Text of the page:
Nooksack River deal could set stage for shift of Bellingham water supply

THE BELLINGHAM HERALDAugust 22, 2013 

Bellingham diversion dam on Nooksack River

The city of Bellingham is considering a new agreement that would enable it to pull water out of the Nooksack River in Lynden and Ferndale, instead of at this existing Middle Fork diversion site much farther upstream.

THE BELLINGHAM HERALD

BELLINGHAM - The city is considering a new agreement that would enable it to pull water out of the Nooksack River in Lynden and Ferndale, instead of at the existing Middle Fork diversion site much farther upstream.

The other parties to the deal would be the city of Lynden and the Whatcom County Public Utility District. Lynden and the PUD have existing river water intake facilities that the city could use. The Washington Department of Ecology also would have to give the new arrangement its blessing.

The people involved say there is no actual water transfer deal in the works, but the new arrangement - if approved - could be one small step toward a solution of countywide water rights issues that have bedeviled local governments for many years.

The Bellingham City Council got a look at the proposal at its Aug. 12 meeting. Council members decided to delay action pending further discussion at a Sept. 16 regular session.

When and if the affected governments approve, the new water withdrawal opportunity for Bellingham could be one small step toward a possible transfer of surplus Bellingham water rights to water users who need more. That includes both farmers in the greater Lynden area and private water associations north of Lynden whose well water exceeds state health standards for nitrate content.

The idea of shifting Bellingham water rights to other users is far from new.

In 2001, Lynden's municipal water consumption was well in excess of its own water right, and Lynden officials were hoping they might be able to buy some of Bellingham's unused water right for their own city. Since that time, Lynden Mayor Scott Korthuis says the city has raised its water rates, and the resulting household conservation has brought Lynden's own water consumption back into line. He also acknowledged that Lynden's annual water use still exceeds its state-authorized limits in some years.

But now, Korthuis said, the immediate focus is on potential use of a portion of Bellingham's authorized water withdrawals to help solve problems for agriculture as well as for the water associations.

Many berry farmers have been relying on water withdrawals from Nooksack tributary creeks to keep the fruit growing, but that practice is being challenged by the Lummi and Nooksack Indian tribes. The tribes say there isn't enough water left in the creeks to support healthy salmon populations, and the farmers themselves acknowledge that they don't have legal rights to some of the water they are using.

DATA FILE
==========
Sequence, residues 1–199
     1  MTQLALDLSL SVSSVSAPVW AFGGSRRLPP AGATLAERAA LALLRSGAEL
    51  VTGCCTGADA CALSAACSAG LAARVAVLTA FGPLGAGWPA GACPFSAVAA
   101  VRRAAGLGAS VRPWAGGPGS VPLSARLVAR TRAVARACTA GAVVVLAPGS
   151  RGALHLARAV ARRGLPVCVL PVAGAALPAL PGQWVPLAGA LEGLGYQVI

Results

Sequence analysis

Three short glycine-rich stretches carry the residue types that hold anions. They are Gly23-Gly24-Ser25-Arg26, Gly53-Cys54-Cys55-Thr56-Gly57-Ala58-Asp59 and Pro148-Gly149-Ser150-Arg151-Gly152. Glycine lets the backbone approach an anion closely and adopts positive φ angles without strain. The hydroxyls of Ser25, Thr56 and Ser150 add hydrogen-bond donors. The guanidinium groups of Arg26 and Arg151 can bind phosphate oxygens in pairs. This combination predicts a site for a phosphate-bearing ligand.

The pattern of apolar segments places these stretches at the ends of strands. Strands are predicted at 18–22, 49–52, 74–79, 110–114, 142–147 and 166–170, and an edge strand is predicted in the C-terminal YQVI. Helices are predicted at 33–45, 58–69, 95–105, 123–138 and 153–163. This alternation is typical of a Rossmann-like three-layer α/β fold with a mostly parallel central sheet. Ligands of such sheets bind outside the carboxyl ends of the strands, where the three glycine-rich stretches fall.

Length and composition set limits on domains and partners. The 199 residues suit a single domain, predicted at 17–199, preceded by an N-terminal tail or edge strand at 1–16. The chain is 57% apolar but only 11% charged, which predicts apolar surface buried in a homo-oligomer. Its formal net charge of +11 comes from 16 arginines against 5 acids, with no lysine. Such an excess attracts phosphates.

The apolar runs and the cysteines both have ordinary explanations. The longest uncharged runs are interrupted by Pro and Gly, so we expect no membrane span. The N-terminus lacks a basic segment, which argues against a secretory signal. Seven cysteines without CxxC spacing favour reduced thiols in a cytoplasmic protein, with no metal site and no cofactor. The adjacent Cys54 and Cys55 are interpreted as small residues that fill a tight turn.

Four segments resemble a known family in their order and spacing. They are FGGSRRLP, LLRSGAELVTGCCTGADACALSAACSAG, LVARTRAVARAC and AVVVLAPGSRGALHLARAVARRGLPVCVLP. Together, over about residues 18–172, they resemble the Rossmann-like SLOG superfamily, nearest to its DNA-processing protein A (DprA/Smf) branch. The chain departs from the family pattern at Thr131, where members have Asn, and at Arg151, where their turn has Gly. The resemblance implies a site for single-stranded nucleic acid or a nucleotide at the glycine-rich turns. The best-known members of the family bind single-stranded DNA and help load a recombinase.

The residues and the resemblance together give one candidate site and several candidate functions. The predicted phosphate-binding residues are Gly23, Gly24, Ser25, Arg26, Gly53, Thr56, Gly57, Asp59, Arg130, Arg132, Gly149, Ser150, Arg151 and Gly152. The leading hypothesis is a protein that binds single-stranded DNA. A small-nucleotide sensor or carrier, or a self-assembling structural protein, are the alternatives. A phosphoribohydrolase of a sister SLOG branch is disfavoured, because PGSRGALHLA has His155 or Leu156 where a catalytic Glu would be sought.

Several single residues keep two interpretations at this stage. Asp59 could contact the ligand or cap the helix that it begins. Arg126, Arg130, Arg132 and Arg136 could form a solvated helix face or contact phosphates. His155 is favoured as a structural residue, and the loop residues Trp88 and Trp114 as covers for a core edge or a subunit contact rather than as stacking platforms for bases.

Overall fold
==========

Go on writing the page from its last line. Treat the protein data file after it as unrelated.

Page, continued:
Jon Hutchings, Bellingham's assistant public works director, said it is in Bellingham's interest to keep those farms viable in the north county. If the farms can't get the water they need, there will be economic pressure to convert the farmland to residential and commercial use, feeding the sprawl that Bellingham wants to avoid.

Hutchings and others stressed that no deals to transfer any water are in the works. At this point, the proposed arrangement would do no more than start laying the legal groundwork for a broad range of options for reallocation of water, if any of those options would be mutually advantageous to Bellingham and other water users. Any actual shift of water would need both public scrutiny and a public vote by elected officials, Hutchings added.

"We all recognize that the city (Bellingham) could be part of a regional solution," Hutchings said. "This is a baby step."

The Ferndale and Lynden withdrawal sites farther down the river could also supply Bellingham itself in the distant future, leaving more water in the upper stretches of the river where salmon spawn. That means that the potential new city withdrawal sites also could be part of a deal with the Lummi and Nooksack.

At the Aug. 12 City Council meeting, Mayor Kelli Linville and Bellingham Public Works Director Ted Carlson assured council members that there is no actual water transfer deal in the works, and any such deal would need council and public scrutiny before it could be enacted.

"This really is the start of the planning process," Carlson said. "We're not assuming any outcomes at this point."

Linville said the same.

"We are not proposing anything right now to supply water to anybody else," Linville said.

Steve Jilk, PUD general manager, said the PUD's only role in the process is the granting of city use of a PUD-owned river water withdrawal site in Ferndale that has not been used since the mid-1970s.

"We didn't see any real advantage to the PUD," Jilk said. "But we just considered it as an opportunity to assist the city (Bellingham) in serving more of a regional service area."

Lynden Mayor Korthuis said his city's council will consider the deal when and if Bellingham approves. The proposed Lynden-Bellingham deal includes a provision that could transfer some Bellingham river water to Lynden as compensation for use of Lynden's intake, but Korthuis said that provision is not the main point of the exercise.

"Let's all work together for the global good of Whatcom County," Korthuis said. "We want to be a community player in helping a variety of needs."

READ THE REPORTS

Read the proposed memorandum of agreement between Bellingham and Lynden here.

Read the proposed deal between Bellingham and the PUD here.

Reach John Stark at 360-715-2274 or john.stark@bellinghamherald.com. Read his Politics Blog at bellinghamherald.com/politics-blog or follow him on Twitter at @bhamheraldpolitics.

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